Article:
Housing Hacks: Dealing With Eviction

signing an agreement
(Brandyn Hill/DVIDS)

This could have been the shortest Legal Information Article ever written. If you are being evicted you really need to call the JAG office immediately. End of article.

In all seriousness, calling the JAG office really should be the first thing you do if you are being evicted. Still, knowing your rights is a good idea.

First, in many states, evictions cannot be done without a court order -- and in all states, thanks to federal law, a court order is required for an eviction if the service member is deployed. That means that if the landlord changes the locks or moves all the furniture out to the street without a signed order from the court, they are breaking the law.

So, before you can be evicted, you must be notified of a court action, have a hearing in court and have the court decide on your case. As soon as you receive an eviction notice (usually nailed to your door), you should contact JAG. Depending on the situation, you may be protected. Also, the sooner you contact JAG, the better the chances that they will be able to assist you.

But is that the only kind of eviction? Hardly.

Enter “constructive eviction.” Constructive eviction is when the landlord makes life so difficult for the tenant that the tenant is forced to move out.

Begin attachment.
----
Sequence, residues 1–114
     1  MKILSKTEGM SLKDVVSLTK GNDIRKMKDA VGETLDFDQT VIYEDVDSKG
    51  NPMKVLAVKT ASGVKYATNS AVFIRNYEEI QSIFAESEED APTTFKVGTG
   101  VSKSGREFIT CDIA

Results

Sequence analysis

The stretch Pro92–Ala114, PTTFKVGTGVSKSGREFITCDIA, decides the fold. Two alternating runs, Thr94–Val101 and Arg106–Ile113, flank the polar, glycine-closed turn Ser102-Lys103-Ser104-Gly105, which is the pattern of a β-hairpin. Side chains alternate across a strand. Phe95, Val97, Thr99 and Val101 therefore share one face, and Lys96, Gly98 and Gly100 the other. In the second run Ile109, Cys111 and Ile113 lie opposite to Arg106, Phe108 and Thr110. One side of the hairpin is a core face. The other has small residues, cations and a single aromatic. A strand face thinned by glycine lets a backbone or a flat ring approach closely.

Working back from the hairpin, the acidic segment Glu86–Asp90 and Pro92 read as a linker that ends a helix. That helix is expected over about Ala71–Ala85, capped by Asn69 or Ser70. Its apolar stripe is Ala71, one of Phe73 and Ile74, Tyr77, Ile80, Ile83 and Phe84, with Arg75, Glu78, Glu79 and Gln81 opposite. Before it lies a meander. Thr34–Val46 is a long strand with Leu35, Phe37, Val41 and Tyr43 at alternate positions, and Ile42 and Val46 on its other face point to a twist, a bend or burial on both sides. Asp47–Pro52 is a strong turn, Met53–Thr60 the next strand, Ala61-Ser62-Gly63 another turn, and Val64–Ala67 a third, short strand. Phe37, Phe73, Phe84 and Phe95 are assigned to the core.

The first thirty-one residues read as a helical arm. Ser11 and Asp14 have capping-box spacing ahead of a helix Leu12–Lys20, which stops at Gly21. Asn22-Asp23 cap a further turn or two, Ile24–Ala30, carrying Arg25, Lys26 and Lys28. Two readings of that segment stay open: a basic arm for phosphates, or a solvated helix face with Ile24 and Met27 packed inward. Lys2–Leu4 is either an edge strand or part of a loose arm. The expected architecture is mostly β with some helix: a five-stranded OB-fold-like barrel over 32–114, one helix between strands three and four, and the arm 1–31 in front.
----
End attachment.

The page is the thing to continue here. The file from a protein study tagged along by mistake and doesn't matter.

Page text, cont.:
That can happen in several ways. For example, the landlord can harass the tenant to the point where they decide to leave. Another kind of constructive eviction is when the landlord makes the apartment unlivable, by turning off the heat or power, for example. It can also occur through neglect when some damage becomes so severe that it is no longer comfortable or safe to remain in the apartment.

Needless to say, these actions are not legal, and there are many options open to the tenant who is being “constructively evicted.” If you think this is happening to you, consulting an attorney is really your first course of action.

As always, most problems with landlords can be resolved with good communications. When you feel that communications have broken down or when something serious happens, you should contact an attorney to ensure that your rights are protected. The earlier you contact an attorney, the better the chances for a positive resolution. As a military family, you have the right to free legal assistance at the JAG office.

Captain Matthew “Matt” Reid, is an Army Judge Advocate, and currently the full-time Attorney Advisor for Rhode Island. Prior to direct commissioning into the JAG Corps, he served as an enlisted intelligence analyst for 10 years.

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